Researchers at Duke University recently revealed an approach to gene therapy that has the potential to treat more than half of the patients with Duchenne Muscular Dystrophy (DMD). The study was published in the journal Nature Communications and is entitled “Multiplex CRISPR/Cas9-based genome editing for correction of dystrophin mutations that cause Duchenne muscular dystrophy.”
“There are no effective therapies currently available for people with DMD,” said the study’s senior author Dr. Charles Gersbach in a news release. “DMD patients are in a wheelchair by age 10 and typically die in their 20s. They have nothing to stop this right now — and we’re trying to work on that.”
Dystrophin is the largest known human gene. It has 79 genetic exons (blocks of genetic material that codes the amino acids for the protein sequence), and if any of these exons suffer a harmful mutation, the protein dystrophin is no longer produced. More than 1,000 mutations have been identified in the dystrophin gene in DMD patients, making it harder to develop a good therapeutic strategy. Some drugs aiming at restoring dystrophin production are currently undergoing clinical testing, however, they only target one exon and therefore only have therapeutic impact for around 13% of the DMD patients.
This new genetic technique developed at Duke University circumvents this issue since it can theoretically target any region of any size within the gene. In this study, a large region of 11 exons in the dystrophin gene carrying multiple different mutations was targeted, which accounts for around 60% of the DMD cases.
In Becker Muscular Dystrophy (BMD), a variation disorder of DMD, a shortened dystrophin protein is generated. BMD is less severe than DMD, and although patients typically experience progressive muscle weakness, the majority live long, full lives. The researchers’ idea was to transform DMD into BMD by eliminating the most problematic region of the gene (exons 45 to 55). In order to do this, the team relied on the CRISPR system.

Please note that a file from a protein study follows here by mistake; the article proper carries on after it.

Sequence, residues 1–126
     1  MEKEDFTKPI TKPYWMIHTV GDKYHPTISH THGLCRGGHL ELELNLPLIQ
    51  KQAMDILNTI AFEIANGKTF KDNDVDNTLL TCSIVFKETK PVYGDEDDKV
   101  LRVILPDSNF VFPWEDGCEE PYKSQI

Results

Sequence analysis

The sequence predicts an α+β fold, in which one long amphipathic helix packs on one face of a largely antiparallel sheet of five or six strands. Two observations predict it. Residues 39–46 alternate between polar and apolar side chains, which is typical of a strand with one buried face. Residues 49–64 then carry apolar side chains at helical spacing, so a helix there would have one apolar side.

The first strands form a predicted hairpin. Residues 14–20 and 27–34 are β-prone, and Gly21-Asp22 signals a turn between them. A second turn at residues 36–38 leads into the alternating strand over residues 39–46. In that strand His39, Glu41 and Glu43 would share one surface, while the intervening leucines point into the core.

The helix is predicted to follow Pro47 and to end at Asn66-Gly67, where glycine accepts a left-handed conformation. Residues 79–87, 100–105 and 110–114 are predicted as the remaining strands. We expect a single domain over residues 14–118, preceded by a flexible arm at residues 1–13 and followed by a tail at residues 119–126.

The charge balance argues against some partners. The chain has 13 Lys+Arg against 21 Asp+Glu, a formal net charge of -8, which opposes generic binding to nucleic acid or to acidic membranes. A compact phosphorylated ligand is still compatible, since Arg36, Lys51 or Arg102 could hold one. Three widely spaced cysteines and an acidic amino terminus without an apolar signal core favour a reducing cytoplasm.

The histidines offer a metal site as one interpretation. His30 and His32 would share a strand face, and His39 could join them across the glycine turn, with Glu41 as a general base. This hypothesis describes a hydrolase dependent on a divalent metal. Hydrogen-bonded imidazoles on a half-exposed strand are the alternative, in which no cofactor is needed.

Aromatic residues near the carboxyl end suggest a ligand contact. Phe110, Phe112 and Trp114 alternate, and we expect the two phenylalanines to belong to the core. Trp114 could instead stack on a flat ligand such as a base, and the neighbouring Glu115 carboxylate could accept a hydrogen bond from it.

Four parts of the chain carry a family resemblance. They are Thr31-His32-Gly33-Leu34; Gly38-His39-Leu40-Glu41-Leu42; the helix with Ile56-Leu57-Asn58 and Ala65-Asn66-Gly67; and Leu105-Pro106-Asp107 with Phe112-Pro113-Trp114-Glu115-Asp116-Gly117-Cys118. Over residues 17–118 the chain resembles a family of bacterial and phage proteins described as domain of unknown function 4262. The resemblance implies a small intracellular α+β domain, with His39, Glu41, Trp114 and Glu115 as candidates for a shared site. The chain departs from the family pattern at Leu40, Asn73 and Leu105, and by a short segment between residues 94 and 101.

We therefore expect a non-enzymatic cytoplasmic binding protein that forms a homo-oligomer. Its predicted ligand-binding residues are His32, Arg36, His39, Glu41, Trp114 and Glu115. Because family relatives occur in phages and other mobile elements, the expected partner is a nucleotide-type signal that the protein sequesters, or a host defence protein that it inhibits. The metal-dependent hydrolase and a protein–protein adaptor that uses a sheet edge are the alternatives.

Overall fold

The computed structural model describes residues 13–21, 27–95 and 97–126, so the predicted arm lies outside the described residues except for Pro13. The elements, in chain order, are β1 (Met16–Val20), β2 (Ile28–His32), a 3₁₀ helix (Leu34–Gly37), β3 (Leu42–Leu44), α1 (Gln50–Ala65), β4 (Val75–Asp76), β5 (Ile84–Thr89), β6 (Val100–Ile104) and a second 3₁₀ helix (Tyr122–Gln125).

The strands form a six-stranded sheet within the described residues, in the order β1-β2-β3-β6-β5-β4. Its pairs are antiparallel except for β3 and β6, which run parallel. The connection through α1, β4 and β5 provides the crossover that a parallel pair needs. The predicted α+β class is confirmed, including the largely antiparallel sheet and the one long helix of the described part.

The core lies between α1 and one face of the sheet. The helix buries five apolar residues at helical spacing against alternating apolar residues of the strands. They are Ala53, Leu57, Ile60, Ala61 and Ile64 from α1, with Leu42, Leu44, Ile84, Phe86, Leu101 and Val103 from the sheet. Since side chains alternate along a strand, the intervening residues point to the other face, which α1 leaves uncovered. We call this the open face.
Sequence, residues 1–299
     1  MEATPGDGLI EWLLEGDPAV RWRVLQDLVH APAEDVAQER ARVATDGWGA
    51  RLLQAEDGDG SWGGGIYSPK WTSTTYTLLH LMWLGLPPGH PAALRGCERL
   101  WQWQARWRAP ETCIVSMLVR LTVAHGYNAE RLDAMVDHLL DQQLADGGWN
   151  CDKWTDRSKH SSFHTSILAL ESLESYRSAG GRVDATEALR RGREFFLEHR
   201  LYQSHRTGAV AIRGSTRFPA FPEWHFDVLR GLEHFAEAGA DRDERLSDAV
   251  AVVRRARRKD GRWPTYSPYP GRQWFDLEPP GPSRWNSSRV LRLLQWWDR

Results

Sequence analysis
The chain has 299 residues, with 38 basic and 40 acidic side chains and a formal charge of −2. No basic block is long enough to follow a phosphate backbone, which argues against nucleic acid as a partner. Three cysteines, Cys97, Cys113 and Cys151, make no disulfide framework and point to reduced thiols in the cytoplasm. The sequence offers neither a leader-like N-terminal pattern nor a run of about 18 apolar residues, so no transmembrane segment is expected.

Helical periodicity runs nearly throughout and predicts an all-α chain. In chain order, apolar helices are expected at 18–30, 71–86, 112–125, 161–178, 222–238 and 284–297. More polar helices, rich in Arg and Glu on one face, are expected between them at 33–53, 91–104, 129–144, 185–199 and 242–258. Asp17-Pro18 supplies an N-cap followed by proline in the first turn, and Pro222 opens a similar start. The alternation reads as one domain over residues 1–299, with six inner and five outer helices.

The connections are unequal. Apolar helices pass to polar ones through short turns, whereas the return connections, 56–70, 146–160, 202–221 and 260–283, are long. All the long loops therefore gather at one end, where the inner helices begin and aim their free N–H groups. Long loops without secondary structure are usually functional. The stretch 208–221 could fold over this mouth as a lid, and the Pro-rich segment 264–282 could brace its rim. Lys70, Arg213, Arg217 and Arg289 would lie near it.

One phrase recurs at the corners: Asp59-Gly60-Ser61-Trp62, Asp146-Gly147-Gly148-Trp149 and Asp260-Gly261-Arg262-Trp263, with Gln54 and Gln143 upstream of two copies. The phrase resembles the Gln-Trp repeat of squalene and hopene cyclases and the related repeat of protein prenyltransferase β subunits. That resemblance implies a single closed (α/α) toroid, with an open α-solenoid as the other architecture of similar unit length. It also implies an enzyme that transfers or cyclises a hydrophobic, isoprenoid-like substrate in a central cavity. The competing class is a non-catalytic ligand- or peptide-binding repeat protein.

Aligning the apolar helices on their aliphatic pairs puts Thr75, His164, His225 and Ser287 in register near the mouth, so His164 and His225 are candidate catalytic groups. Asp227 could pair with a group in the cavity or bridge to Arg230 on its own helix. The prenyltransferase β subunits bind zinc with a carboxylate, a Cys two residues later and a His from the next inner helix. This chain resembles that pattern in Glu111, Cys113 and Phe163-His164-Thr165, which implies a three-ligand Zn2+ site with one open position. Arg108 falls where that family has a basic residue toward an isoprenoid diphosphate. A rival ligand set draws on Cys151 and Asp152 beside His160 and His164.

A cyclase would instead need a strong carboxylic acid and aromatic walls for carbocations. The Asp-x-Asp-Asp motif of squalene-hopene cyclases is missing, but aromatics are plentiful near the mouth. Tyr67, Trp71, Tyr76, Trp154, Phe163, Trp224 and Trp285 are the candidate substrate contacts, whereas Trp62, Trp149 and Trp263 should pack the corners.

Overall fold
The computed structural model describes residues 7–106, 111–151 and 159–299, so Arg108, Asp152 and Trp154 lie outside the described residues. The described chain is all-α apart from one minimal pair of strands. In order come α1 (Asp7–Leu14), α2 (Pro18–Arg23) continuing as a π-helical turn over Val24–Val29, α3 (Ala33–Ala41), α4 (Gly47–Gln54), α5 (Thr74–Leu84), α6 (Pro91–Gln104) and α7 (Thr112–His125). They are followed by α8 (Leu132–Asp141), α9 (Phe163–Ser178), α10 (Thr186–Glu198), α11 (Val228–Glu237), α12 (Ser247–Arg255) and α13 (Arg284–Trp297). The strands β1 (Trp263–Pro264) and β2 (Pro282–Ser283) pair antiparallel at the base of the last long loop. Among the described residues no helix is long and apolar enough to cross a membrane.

The CRISPR system is used by bacteria to cut the DNA of foreign pathogens such as viruses. Since its discovery, researchers have used the CRISPR system to repair errors in the human genome. “What makes CRISPR exciting is that it is easy, cheap and fast to work with compared to other methods scientists have been developing in the past decade,” said David Ousterout, the study’s lead author.
Researchers programmed the CRISPR to cut the mutational hotspot region between exon 45 and exon 55 out of the dystrophin gene. Although it is an inefficient process, mainly due to the natural DNA repair mechanisms, this technique works and was able to restore dystrophin expression in cultured muscle cells derived from DMD patients. By introducing these treated cells into rodent models, researchers also found that they were able to restore the production of human dystrophin.
“We still need to improve the efficiency and ensure the safety of the CRISPR-based approach,” added Dr. Gersbach. “We also need to tackle the challenge of how this would be delivered to a DMD patient. We still have a long way to go, but this is a very promising start.”
DMD is an inherited disorder that results from a defective gene called dystrophin, and is characterized by the degeneration of muscle tissues and impaired locomotion due to the lack of the dystrophin protein. DMD has a rapid progression and affects mainly boys with an estimate of 1 in 3,500 newborn males.
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